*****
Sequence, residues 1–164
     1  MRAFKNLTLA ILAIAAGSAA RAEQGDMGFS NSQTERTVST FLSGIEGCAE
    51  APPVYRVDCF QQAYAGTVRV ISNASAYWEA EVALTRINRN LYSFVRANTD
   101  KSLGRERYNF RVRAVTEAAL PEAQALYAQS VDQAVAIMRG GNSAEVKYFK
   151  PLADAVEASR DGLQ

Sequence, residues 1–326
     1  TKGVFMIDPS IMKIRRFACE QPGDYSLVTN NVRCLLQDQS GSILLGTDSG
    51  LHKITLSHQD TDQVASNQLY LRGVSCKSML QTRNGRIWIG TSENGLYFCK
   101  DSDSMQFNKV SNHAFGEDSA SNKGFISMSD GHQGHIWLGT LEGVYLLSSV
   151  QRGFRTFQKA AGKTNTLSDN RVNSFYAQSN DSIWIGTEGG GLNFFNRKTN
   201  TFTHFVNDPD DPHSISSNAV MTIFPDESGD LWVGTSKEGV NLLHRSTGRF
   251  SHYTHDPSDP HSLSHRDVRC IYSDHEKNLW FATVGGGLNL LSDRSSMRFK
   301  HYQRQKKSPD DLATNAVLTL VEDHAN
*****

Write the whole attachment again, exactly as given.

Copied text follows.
Sequence, residues 1–164
     1  MRAFKNLTLA ILAIAAGSAA RAEQGDMGFS NSQTERTVST FLSGIEGCAE
    51  APPVYRVDCF QQAYAGTVRV ISNASAYWEA EVALTRINRN LYSFVRANTD
   101  KSLGRERYNF RVRAVTEAAL PEAQALYAQS VDQAVAIMRG GNSAEVKYFK
   151  PLADAVEASR DGLQ

Sequence, residues 1–326
     1  TKGVFMIDPS IMKIRRFACE QPGDYSLVTN NVRCLLQDQS GSILLGTDSG
    51  LHKITLSHQD TDQVASNQLY LRGVSCKSML QTRNGRIWIG TSENGLYFCK
   101  DSDSMQFNKV SNHAFGEDSA SNKGFISMSD GHQGHIWLGT LEGVYLLSSV
   151  QRGFRTFQKA AGKTNTLSDN RVNSFYAQSN DSIWIGTEGG GLNFFNRKTN
   201  TFTHFVNDPD DPHSISSNAV MTIFPDESGD LWVGTSKEGV NLLHRSTGRF
   251  SHYTHDPSDP HSLSHRDVRC IYSDHEKNLW FATVGGGLNL LSDRSSMRFK
   301  HYQRQKKSPD DLATNAVLTL VEDHAN